Here’s one for Nantucket: every foggy day in August portends a snowy day in winter. I think we can all agree that if that were true we would have snow piled up to the eaves every winter here.






• Magical Plants: The most mysterious garden folklore concerns the mystical and magical properties of plants. A number of our favorite herbs, vegetables, and garden tools are believed to bring good luck or protect us from harm. Here are some excerpts from the Old Farmer’s Almanac: “Scatter Solomon’s seal on the ground to banish snakes and poisonous creatures from the room.

“To protect your home from lightning, collect hazel branches on Palm Sunday and keep them in water.”

“Put fennel in your keyhole or hang it above your door to protect you from evil spirits.

“Never carry a hoe around the house. If you do it by mistake, take it back walking backwards to avoid bad luck.

“Never walk under a ladder, which is Satan’s territory. If you must, cross your fingers or make the fig sign (closed fist, with the thumb between the index and middle fingers).

“Never drive a nail after sunset, or you’ll wake up the tree gods.”

“Nail an evergreen branch to new rafters for good luck. An empty hornet’s nest, hanging high, will also bring good luck to a house of any age.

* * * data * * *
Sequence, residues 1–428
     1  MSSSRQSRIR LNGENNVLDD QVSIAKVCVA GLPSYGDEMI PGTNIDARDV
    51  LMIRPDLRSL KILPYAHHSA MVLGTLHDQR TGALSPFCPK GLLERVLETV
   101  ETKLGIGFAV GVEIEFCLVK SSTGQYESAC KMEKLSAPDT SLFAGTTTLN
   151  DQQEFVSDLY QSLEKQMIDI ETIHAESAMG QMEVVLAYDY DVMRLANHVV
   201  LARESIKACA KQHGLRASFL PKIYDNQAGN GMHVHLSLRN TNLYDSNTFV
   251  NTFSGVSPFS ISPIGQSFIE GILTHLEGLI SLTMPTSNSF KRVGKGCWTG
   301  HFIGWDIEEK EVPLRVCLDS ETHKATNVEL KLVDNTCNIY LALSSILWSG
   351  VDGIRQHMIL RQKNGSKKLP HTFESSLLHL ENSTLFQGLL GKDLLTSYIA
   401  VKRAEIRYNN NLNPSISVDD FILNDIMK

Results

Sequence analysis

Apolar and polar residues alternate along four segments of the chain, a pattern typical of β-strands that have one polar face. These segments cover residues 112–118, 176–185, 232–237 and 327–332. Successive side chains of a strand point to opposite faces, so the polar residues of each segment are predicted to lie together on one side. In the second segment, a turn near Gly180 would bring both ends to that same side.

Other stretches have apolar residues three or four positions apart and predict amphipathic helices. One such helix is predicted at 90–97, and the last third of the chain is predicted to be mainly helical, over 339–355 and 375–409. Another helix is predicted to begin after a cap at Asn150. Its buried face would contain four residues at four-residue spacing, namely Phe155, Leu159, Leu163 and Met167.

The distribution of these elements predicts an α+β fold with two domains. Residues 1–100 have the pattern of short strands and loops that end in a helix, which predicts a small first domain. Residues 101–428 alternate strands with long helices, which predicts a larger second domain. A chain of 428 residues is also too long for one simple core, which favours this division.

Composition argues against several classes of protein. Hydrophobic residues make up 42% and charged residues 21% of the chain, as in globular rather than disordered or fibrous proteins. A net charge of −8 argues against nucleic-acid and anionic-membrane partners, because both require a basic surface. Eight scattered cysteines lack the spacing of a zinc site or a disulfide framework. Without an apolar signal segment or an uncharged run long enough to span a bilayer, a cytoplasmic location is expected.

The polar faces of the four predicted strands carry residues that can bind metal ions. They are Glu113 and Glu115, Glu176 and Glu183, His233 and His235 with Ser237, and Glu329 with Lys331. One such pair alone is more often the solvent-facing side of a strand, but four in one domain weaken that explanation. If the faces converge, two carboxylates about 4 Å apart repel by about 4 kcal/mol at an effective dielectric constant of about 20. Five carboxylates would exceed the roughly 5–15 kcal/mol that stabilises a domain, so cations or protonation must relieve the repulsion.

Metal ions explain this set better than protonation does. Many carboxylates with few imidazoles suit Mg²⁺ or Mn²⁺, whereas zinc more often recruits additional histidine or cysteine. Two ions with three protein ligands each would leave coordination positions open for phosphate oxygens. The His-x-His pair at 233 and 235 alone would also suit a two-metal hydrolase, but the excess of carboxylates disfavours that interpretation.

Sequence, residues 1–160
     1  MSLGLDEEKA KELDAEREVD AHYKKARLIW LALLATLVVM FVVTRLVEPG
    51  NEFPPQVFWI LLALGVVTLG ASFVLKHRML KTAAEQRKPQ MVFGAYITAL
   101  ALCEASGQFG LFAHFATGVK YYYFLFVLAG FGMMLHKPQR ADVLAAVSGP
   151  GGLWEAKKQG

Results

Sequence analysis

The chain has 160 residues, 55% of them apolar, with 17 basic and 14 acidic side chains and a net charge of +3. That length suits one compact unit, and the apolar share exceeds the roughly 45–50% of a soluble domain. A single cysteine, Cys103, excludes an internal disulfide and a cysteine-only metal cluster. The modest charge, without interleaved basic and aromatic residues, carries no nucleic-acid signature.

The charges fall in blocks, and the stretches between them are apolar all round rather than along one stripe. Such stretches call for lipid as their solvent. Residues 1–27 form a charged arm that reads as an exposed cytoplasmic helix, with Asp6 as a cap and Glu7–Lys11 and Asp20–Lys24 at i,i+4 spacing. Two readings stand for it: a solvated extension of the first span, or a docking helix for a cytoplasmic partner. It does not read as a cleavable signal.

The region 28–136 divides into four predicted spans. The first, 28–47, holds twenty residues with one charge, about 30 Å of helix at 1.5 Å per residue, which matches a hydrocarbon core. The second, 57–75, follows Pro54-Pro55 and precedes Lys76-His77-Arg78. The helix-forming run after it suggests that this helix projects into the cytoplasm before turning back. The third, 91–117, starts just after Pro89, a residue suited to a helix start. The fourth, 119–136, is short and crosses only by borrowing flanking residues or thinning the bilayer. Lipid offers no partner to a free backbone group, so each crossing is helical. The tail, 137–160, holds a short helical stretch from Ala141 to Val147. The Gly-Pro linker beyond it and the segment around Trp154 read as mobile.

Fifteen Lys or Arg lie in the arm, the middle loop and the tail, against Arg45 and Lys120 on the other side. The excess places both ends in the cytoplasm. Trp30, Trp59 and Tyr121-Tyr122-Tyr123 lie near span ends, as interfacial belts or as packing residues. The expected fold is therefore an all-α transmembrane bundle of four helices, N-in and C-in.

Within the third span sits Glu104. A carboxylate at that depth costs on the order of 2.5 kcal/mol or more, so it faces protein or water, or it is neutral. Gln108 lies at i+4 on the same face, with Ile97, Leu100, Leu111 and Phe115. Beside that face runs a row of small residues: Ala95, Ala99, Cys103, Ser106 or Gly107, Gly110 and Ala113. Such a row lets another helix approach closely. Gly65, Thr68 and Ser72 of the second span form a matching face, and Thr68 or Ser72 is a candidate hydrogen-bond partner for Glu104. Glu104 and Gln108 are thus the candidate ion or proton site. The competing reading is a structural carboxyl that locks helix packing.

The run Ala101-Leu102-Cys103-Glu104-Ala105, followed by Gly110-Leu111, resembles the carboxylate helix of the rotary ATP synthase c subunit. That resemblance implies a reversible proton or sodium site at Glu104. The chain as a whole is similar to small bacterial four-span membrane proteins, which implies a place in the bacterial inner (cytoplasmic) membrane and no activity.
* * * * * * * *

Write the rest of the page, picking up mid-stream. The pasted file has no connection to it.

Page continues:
Other plants believed to do fantastical things include foxglove, which is believed to give witches the power to fly (probably based on the fact that the plant is poisonous and produces hallucinations if ingested), lady’s mantle, which plays a key role in a fake recipe that turns lead into gold and four-leaf clover.

Of all the plants we grow, garlic seems to have the broadest and deepest magical properties. It not only protects homes and people from evil spirits, but also ensures safe childbirth if hung in the delivery room, gives courage to armies whether eaten or underfoot during battle, ensures general good luck and reveals hidden secrets.

Finally, “eating garlic in May keeps the doctor at bay”, so it’s good for your health, if not your breath.

• Miscellaneous: The most bizarre old wives’ tales link personal emotions and random actions to garden success. One of my favorites is that if you want a bountiful harvest of really hot peppers, plant them when you’re angry. Here are some more, quoted on the Southern Exposure Seed Exchange website: “Stolen plants will grow better.” There are several versions of it. Some say they are just plants, while others say they are just herbs. Sometimes stealing plants brings good luck in general, while others say the plant will grow better. This tradition is still alive today, and some people turn around when giving plants so that the recipient can “steal” them.

“It’s time to plant when you can sit on your garden soil without pants and not be cold.” It’s a funny old piece of folklore but it still rings true. Many vegetable crops need warm soils (around 60 F) to germinate and grow well. Soil thermometers weren’t always as easy to find as they are now, and gardeners have always been determined.

“Never say thank you for a plant.” A common belief in Appalachia is that you should never thank someone for a plant or cutting. Some people say it’s just bad luck and others say the plant will die. Either way, it’s best to just give an answer like “what a gorgeous pepper”. “Whether based on superstition or observation, old wives’ tales help us and our gardens connect to past and future harvests. Happy Halloween!